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Library - Aluminum Generates Lowest Carbon Footprint vs. Steel

Study Confirms Aluminum Generates Lowest Total Carbon Footprint vs. Steel

December 2018

The Aluminum Association’s Aluminum Transportation Group recently released an all-new, critically reviewed life cycle assessment (LCA) study confirming that automotive aluminum generates the lowest total carbon footprint. The LCA examines cradle-to-grave environmental footprint reductions of an advanced aluminum pickup truck body design in comparison with a baseline design using high-strength steel (HSS) and advanced high-strength steel (AHSS). The study confirms the aluminum body offers the potential to lower a vehicle’s life cycle global warming potential and primary energy demand by 7.8 metric tons of CO2 equivalent and 110 gigajoules, respectively. This is equivalent to total energy savings of nearly 11 million barrels of oil over the lifetime of a 600,000-unit vehicle production fleet.

The work was carried out for the Aluminum Association by EDAG, a leading engineering partner to the worldwide automotive industry, and assess the life cycle performance of an advanced aluminum body design for a Silverado 1500 crew cab as compared to the baseline 2014 truck with its HSS and AHSS body.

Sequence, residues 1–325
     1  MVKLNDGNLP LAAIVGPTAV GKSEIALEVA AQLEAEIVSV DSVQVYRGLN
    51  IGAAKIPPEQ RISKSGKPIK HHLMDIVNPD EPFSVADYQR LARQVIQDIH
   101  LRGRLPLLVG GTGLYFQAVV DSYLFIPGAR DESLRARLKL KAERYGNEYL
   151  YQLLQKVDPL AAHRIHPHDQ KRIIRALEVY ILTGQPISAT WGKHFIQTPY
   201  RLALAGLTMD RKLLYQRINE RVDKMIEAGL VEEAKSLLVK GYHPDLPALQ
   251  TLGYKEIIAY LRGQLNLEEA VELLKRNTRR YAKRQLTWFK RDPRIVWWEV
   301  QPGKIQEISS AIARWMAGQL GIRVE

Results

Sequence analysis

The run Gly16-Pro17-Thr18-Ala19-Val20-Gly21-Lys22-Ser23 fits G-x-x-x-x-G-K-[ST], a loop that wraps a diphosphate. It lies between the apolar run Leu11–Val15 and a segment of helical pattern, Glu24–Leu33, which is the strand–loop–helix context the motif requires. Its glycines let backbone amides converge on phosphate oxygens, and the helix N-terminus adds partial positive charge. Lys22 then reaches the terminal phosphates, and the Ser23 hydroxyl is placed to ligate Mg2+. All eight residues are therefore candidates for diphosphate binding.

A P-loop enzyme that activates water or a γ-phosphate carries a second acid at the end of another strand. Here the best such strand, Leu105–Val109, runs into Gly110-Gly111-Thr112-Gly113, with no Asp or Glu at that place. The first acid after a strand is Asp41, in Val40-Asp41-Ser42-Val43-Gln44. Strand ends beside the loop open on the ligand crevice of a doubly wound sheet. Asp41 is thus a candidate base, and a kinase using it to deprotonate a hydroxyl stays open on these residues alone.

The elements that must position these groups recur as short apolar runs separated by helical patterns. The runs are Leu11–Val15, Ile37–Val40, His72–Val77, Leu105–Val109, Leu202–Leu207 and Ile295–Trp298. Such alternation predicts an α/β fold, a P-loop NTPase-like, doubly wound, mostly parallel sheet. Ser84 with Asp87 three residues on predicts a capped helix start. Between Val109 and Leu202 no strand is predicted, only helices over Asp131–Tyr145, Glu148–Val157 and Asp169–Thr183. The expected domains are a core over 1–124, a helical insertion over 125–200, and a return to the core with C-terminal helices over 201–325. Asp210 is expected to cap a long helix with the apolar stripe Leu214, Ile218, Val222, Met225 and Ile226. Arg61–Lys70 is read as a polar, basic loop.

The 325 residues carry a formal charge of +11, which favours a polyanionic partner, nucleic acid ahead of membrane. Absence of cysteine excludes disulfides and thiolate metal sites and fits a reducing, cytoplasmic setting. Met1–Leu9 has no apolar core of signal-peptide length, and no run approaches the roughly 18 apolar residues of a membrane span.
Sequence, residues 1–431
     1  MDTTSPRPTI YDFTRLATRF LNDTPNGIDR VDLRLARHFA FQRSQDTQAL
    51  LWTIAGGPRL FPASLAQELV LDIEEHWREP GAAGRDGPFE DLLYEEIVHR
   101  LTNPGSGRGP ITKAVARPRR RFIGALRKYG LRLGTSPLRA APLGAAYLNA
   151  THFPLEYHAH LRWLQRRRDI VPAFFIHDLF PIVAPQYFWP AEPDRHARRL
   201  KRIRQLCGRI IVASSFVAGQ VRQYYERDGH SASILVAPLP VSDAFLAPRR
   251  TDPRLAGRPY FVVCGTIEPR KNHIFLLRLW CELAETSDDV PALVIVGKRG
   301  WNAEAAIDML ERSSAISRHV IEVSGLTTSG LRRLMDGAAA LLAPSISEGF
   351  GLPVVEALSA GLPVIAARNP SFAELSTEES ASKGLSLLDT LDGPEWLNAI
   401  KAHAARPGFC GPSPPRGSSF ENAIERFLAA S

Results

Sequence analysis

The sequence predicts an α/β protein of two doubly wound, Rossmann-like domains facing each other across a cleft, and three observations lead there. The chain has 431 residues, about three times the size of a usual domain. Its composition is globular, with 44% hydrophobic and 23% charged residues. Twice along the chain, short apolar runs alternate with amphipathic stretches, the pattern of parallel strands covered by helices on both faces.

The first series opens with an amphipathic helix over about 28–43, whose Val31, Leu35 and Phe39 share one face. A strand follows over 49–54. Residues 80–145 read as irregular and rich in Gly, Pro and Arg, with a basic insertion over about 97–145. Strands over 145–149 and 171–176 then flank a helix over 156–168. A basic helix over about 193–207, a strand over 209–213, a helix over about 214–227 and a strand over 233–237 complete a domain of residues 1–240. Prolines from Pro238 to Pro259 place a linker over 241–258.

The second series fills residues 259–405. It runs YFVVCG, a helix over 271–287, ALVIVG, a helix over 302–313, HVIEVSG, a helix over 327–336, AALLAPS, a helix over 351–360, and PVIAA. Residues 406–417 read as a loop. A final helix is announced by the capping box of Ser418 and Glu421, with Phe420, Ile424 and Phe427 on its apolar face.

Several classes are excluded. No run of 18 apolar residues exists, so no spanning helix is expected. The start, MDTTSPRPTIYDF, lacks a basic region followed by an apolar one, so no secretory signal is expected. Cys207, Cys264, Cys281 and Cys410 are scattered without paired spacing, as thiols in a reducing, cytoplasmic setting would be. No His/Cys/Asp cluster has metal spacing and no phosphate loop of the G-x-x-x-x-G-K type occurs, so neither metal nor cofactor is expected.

Note that only design elements considered to be practical based on both technical feasibility and cost efficiency were used, and that extensive CAE (computer aided engineering) simulations were used to ensure appropriate crashworthiness, stiffness and strength.

The resulting EDAG/AA structure makes wide use of 6xxx aluminum (T-6) for body sides, outer panels, roof, floors and back panels. A front-of-dash panel uses 5XXX alloy.

The final design uses over 238 kg (525 lbs.) of aluminum – about 19 kg (41 lbs.) of which is extrusion – as compared to the 11 kg (approx. 24 lbs.) of aluminum in the baseline vehicle.

With the design set, a “cradle to grave” life cycle analysis was conducted for the light-weight design vehicle compared with the baseline truck. This analysis considers the environmental impact of the materials employed, the vehicle manufacturing process, a use phase – 290,000 km in this case, and end-of-life disposal. The resulting LCA data, reviewed by a panel of independent experts to assure conformance with ISO 14040, shows the difference between the environmental impact of the light-weight design and the baseline.

The complete study can be found on the Aluminum Association website here.

Also, you can find Life Cycle Data specific to extrusions in the AEC’s two Environmental Product Declarations:


Home page 2014 Silverado Image: GM

Lightweight Body Design Image: The Aluminum Association